View Full Version : Couple of old (c. 2000) forensic science conference poster abstracts

12-11-2003, 00:27
A couple of abstracts I found interesting from the proceedings of the second European academy of forensic science meeting (held in Cracow in 2000). I've posted these here just to keep the data handy for future reference.

Poster abstracts:
Variability of Synthetic Drug Content of Confiscated Tablets in Belgium


National Institute of Forensic Science, Brussel, Belgium

Considerable amounts of tablets containing illicit synthetic drugs are yearly confiscated in Belgium. It has frequently been stated that their content is not constant. Here we report on our findings.

In Figure 1, the range of the MDMA content of the seized tablets is presented per year, starting from 1996. Our results can be summarised as follows:

a. In 1996, 1997 and 1998, the MDMA content of the tablets was rather variable. Overall, the range was between less than 20 mg MDMA and 140 mg MDMA per tablet.

b. In 1999, the MDMA content per tablet was less variable. The majority of the tablets, i.e. about 60%, contained 60 to 100 mg MDMA per tablet. About 90% of the tablets contained 40 to 120 mg MDMA.

c. It is also striking that the availability of tablets containing 100 to 120 mg MDMA has increased considerably in 1999.

In Figure 2, the number of seizures of different synthetic drug compounds and their combinations are presented, again as a function of time. Besides, a number of exceptional seizures is displayed. The main results of this part of the investigations are noteworthy as well:

a. In Belgium, MDMA has always been and still is the major synthetic drug found in tablets.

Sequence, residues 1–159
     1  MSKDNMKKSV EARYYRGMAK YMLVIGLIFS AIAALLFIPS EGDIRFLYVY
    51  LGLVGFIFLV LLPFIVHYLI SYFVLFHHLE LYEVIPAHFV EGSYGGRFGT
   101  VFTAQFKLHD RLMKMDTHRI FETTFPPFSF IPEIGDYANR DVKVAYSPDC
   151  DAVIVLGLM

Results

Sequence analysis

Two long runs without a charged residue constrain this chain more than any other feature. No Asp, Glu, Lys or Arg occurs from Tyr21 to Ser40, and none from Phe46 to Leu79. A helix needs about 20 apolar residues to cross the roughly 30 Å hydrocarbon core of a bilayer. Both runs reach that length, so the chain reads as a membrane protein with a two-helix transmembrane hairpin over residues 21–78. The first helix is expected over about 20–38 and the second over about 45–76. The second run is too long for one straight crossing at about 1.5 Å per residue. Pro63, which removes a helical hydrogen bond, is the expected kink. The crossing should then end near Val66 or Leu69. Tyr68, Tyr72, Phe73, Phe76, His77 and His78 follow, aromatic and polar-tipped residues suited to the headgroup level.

b. In 1995 and 1996, MDEA became very important, while in 1997 and 1998, MBDB became popular. Both compounds disappeared completely in 1999.

c. Tablets containing 4-MTA, 2C-B, DOB, ketamine, atropine, 1-PEA, and N-methyl-PEA were seized rather exceptionally.

The observed variable synthetic drug content of confiscated tablets can be regarded as a useful parameter in forensic research.

Key words: Tablet, Synthetic drug, MDMA.

Preliminary studies identifying and quantifying trace metal impurities in illicit Ecstasy tablets using atomic spectrometry techniques

Ruth J. H. Waddell, Niamh Nic Daeid, and David Littlejohn

Forensic Science Unit, University of Strathclyde, Glasgow, United Kingdom

The physical and chemical profiling of illicit drugs is essential in order to link seizures to common synthetic routes and perhaps even to a common manufacturer. Batches synthesised by the same synthetic route have similar organic impurities present, which, in the case of Ecstasy seizures, may be specific to that route. Conventionally, such impurities are identified using a combination of instrumental methods such as HPLC, GC-FID and GC-MS. However, analysis of the inorganic impurities, namely the trace metal ions, can provide additional information to confirm or dispute links previously established on the basis of the organic impurities alone.

Preliminary ICP-MS analysis of 83 elements in acid-digested tablets from the same seizure indicated significantly higher concentrations of Pb, Cu and Zn compared with the blank digests. Potentially, this rapid, multi-element detection technique could be used to screen seizures in order to identify the most discriminating elements present which could be analysed individually by electrothermal atomic absorption spectrometry (ET-AAS).

In this study, a method has been developed for the determination of Pb in illicit Ecstasy tablets, using ET-AAS. With tube wall atomisation, poor Pb recoveries were obtained, especially at low concentrations (10 ng Pb/mL). Significant improvements in Pb recovery of up to 20% were afforded with the insertion of a L'vov platform into the furnace tube.

Key words: Physical and chemical profiling, Trace metals, ET-AAS.

From: http://www.ies.krakow.pl/conferences/enfsi/data/_po.htm

BigTrancer :)

12-11-2003, 03:14
Good find BT. Some interesting (recent) stuff on 4-MTA toxicity on the unmentionable if you're interested.

Wow. I'm both surprised about the lead and that no mercury was mentioned. I imagine that larger operations wouldn't use the Hg/Al amalgam process, but instead hydrogenation with any number of possible catalysts which could possibly explain the copper [?] and zinc traces.

Biscuit may be able to add something. I suppose many things could be the source, not least contamination from the site or equipment.